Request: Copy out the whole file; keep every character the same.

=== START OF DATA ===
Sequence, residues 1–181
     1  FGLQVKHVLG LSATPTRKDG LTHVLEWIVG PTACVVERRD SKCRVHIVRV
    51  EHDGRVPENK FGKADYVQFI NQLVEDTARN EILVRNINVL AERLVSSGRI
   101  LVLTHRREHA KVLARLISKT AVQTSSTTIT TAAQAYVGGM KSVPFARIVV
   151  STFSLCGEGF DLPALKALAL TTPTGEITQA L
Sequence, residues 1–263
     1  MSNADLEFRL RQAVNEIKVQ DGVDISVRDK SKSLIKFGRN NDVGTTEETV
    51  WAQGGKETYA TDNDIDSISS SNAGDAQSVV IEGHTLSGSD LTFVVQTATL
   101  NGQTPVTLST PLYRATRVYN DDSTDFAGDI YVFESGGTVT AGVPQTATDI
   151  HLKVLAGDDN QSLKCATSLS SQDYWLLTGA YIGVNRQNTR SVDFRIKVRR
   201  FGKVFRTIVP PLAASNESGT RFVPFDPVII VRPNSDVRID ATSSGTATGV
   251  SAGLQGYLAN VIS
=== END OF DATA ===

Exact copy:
Sequence, residues 1–181
     1  FGLQVKHVLG LSATPTRKDG LTHVLEWIVG PTACVVERRD SKCRVHIVRV
    51  EHDGRVPENK FGKADYVQFI NQLVEDTARN EILVRNINVL AERLVSSGRI
   101  LVLTHRREHA KVLARLISKT AVQTSSTTIT TAAQAYVGGM KSVPFARIVV
   151  STFSLCGEGF DLPALKALAL TTPTGEITQA L
Sequence, residues 1–263
     1  MSNADLEFRL RQAVNEIKVQ DGVDISVRDK SKSLIKFGRN NDVGTTEETV
    51  WAQGGKETYA TDNDIDSISS SNAGDAQSVV IEGHTLSGSD LTFVVQTATL
   101  NGQTPVTLST PLYRATRVYN DDSTDFAGDI YVFESGGTVT AGVPQTATDI
   151  HLKVLAGDDN QSLKCATSLS SQDYWLLTGA YIGVNRQNTR SVDFRIKVRR
   201  FGKVFRTIVP PLAASNESGT RFVPFDPVII VRPNSDVRID ATSSGTATGV
   251  SAGLQGYLAN VIS